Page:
Two years ago, Dean Espy was the one left out.
Now he's the last one standing.
The UCLA sophomore third baseman starred at Red Mountain earlier this decade and had dreams of playing baseball for Arizona State.
He rounded out the infield of a summer ball team with current ASU starters Zack MacPhee, Drew Maggi and Riccio Torrez.
One by one, those players were offered the chance to don the maroon and gold. But talks with ASU never materialized into anything concrete, and Espy's only scholarship offer came from UNLV.
"You always want to play in your hometown, in front of friends and family," Espy said. "It was just a weird process for me. Things just didn't come together."
"He really wanted to play at ASU," Red Mountain coach Jason Grantham said.
Instead, Espy took his game to South Mountain Community College, intent on giving himself better options, whether through the Major League Baseball draft or with a top college program.
In the beginning he pressed, knowing the ramifications this one season would have on his career.
"Early on, I expected a lot out of myself," Espy said. "But then I realized, you don't need to do that. What you're doing is good enough. I really just tried to enjoy last year. I loved the team and I got along really good with the coaches. I needed to go do that."
Espy's talents shone through, as he hit .361 in his one season with South Mountain, enough to grab the attention of the Bruins.
Now, after the top-seeded Sun Devils came and went in two forgetful games at the College World Series, UCLA keeps chugging along.
The Bruins face TCU on Friday at 1:30 p.m. on ESPN2, one win away from advancing to the national championship series.
"It's really been unreal," Espy said. "The experience of a lifetime."
After splitting at-bats early in the season, Espy has been one of the most dangerous hitters in the UCLA lineup. He is batting .356, and his slugging percentage of .588 is tops among starters.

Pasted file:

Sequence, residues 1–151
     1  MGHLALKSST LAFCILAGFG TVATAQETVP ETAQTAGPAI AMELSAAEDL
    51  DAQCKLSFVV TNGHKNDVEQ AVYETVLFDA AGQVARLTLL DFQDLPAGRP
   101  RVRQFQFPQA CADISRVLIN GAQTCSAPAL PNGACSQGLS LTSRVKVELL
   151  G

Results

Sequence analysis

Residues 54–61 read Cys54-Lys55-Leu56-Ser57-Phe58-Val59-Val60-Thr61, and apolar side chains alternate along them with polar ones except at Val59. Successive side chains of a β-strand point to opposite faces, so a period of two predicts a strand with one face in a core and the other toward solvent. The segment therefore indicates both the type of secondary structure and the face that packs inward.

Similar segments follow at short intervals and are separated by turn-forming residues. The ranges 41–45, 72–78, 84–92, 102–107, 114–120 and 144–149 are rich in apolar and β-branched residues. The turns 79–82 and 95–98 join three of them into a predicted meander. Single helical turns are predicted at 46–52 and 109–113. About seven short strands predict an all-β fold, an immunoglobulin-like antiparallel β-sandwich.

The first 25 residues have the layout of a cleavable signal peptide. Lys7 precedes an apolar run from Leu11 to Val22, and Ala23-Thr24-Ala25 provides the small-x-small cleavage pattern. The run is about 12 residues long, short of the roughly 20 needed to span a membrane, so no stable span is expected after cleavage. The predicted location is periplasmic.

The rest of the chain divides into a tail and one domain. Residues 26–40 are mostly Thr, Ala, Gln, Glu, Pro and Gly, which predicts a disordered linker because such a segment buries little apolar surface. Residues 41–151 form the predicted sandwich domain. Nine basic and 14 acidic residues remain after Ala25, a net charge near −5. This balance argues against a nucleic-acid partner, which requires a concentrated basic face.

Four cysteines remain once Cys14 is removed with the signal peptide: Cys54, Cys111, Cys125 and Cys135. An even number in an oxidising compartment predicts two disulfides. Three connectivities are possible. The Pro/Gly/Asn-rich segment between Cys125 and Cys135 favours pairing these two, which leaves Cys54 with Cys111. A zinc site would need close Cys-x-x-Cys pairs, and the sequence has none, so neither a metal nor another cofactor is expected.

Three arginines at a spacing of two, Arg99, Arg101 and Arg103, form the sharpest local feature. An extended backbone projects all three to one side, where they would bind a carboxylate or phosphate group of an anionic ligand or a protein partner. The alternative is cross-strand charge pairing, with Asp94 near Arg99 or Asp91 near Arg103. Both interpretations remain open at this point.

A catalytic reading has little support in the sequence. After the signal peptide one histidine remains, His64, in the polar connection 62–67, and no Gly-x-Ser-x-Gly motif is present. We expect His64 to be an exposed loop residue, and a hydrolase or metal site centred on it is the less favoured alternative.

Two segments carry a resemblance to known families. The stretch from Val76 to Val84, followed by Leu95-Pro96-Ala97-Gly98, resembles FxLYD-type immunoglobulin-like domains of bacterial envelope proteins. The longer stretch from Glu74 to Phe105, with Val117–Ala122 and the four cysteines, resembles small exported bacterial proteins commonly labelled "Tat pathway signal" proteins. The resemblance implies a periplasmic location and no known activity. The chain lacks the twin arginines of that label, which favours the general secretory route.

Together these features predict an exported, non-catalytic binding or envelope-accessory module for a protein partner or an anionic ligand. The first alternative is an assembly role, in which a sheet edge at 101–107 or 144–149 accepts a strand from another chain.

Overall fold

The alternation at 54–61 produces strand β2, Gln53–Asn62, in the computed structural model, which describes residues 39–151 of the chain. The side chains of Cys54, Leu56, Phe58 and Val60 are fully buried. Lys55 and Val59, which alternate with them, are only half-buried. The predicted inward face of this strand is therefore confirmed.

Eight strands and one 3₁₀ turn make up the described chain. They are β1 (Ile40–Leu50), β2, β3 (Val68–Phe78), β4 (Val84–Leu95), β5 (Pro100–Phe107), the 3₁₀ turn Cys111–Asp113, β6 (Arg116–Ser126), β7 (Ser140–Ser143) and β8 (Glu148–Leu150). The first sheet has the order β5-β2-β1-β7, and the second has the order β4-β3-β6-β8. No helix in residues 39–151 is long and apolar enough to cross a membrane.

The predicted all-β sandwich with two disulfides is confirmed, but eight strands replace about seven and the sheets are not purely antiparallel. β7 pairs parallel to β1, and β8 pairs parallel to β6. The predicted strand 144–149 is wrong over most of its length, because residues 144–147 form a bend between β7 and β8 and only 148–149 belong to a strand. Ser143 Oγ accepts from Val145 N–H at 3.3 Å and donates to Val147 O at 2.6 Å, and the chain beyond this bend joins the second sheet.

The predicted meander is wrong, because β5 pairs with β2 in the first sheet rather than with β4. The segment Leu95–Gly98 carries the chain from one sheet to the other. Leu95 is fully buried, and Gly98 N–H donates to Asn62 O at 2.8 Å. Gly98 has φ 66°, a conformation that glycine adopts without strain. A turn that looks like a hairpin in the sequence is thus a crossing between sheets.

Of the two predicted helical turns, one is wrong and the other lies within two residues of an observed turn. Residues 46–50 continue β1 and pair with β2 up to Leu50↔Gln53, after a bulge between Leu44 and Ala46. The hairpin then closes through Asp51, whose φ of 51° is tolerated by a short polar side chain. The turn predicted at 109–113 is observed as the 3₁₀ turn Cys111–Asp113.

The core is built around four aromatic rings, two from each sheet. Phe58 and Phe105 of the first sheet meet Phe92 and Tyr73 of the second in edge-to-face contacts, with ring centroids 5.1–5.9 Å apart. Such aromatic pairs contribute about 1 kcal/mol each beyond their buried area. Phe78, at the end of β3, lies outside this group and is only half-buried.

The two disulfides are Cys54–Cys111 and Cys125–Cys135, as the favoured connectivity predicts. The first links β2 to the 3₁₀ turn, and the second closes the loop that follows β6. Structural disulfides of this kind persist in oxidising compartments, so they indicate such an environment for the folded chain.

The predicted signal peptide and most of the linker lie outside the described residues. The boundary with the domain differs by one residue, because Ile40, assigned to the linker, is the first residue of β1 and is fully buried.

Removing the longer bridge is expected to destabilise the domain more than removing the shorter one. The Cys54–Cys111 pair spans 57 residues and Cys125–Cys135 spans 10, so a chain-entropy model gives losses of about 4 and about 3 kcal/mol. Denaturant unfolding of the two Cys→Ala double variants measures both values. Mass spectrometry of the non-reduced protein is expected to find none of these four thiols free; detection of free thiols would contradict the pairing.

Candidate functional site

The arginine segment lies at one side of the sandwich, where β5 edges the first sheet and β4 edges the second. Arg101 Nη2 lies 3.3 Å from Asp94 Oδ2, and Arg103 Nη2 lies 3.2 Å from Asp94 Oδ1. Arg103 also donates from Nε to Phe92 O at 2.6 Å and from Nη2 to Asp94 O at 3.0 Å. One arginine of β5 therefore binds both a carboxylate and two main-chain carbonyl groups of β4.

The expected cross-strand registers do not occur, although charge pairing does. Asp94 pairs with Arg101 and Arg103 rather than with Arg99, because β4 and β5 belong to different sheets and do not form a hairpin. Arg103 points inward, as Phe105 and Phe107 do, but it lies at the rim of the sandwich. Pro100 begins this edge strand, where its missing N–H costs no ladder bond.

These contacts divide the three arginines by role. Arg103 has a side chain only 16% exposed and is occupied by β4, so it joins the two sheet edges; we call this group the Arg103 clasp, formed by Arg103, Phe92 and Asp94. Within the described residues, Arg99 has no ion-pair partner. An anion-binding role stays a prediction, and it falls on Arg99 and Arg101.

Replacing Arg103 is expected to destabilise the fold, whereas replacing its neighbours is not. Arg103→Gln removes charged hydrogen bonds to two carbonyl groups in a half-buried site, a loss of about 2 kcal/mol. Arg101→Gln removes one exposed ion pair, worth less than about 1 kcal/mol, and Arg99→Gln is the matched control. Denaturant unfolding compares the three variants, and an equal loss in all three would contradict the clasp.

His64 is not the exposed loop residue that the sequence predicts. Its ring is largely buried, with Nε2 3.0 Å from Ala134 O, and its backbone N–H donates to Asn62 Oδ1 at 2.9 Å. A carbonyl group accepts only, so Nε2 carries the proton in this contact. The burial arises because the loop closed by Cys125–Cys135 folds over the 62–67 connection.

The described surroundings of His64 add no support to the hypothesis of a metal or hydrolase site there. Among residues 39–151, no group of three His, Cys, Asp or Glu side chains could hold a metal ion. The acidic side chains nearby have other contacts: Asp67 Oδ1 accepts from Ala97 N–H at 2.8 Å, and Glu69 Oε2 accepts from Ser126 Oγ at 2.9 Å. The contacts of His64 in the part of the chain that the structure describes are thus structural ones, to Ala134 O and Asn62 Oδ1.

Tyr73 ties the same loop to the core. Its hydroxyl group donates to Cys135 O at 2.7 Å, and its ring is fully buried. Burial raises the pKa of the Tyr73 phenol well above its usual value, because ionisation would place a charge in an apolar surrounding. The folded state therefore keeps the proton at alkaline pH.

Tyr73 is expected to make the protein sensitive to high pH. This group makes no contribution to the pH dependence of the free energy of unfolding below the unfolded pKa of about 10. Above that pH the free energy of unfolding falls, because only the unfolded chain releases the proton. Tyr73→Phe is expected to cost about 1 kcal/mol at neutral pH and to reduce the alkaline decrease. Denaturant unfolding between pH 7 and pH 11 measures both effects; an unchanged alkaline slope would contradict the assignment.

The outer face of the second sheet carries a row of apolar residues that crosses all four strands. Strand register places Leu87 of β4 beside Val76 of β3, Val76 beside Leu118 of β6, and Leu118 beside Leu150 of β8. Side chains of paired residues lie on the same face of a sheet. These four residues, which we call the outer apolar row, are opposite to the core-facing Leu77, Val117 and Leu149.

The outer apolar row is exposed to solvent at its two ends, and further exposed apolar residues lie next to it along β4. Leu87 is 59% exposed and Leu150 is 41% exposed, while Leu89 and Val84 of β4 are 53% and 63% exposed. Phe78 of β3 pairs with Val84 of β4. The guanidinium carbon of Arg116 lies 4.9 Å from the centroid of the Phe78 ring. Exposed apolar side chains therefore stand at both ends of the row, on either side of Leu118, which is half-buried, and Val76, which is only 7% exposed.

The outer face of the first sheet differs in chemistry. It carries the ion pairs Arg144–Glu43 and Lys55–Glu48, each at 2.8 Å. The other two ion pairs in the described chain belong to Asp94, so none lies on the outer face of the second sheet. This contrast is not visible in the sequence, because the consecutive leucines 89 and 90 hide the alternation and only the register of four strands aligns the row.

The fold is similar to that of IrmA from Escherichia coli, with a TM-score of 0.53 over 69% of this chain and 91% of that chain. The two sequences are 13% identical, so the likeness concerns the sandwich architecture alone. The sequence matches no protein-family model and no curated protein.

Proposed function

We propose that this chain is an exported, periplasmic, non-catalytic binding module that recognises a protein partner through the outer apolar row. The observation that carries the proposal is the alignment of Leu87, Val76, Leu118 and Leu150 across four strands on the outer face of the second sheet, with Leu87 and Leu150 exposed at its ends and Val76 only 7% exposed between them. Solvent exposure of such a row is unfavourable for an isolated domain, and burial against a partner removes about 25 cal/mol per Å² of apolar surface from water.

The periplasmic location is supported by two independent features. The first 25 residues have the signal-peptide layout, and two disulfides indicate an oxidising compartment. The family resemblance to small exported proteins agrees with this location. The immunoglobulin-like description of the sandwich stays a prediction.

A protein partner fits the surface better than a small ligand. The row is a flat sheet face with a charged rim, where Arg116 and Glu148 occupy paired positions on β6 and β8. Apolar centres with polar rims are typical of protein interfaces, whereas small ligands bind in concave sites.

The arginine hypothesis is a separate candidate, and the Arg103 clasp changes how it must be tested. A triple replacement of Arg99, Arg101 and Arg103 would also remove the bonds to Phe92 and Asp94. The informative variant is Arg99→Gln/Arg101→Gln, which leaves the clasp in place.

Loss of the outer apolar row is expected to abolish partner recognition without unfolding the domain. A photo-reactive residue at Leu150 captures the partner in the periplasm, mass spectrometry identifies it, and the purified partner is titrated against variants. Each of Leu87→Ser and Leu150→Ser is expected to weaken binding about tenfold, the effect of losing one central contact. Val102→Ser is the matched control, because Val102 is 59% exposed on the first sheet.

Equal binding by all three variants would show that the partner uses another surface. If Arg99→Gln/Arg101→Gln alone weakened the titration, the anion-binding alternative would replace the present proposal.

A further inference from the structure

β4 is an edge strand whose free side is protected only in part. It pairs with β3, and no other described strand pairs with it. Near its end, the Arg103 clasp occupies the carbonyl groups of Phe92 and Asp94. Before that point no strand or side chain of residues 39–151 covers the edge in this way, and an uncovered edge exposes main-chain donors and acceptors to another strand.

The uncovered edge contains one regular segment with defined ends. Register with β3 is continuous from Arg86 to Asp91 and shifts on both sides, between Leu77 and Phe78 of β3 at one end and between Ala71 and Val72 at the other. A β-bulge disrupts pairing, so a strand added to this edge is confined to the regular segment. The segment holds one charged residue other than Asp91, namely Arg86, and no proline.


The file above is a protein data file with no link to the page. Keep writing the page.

"I always knew I could hit," Espy said.
The question for Espy was his glove.
He played shortstop in high school, but profiled better at the corner infield positions. Espy worked hard at third base during his year at South Mountain, and has only made five errors at the hot corner this season.
Espy said the year of junior college ball taught him to take nothing for granted.
Instead of playing summer ball last year, he stayed home in Arizona and worked out harder than he had ever done so before.
"I hit, I ran, I worked on my speed," Espy said. "I wanted to work on bettering myself coming into this season."
Arizona State went to UCLA and swept a three-game set two months ago. Before the Sun Devils were eliminated on Tuesday, Espy said it would have been nice to get a chance at payback. But to him, it is a friendly rivalry. There is no lingering animosity for the cold shoulder as a recruit.
Espy said he never felt disappointed or jealous that his former teammates went to ASU as he played down the road at South Mountain.
"I'm very close with a lot of them," Espy said. "I wasn't trying to measure myself against them, though it would have been easy to. It is what it is. Their path wasn't my path."
As Espy prepares for Friday, he does so without regret.
"Looking at it now, it helped me grow as a person and a player to get out of my comfort zone," he said. "Would I have been the player I've become now? Maybe not. I couldn't be happier with how it turned out."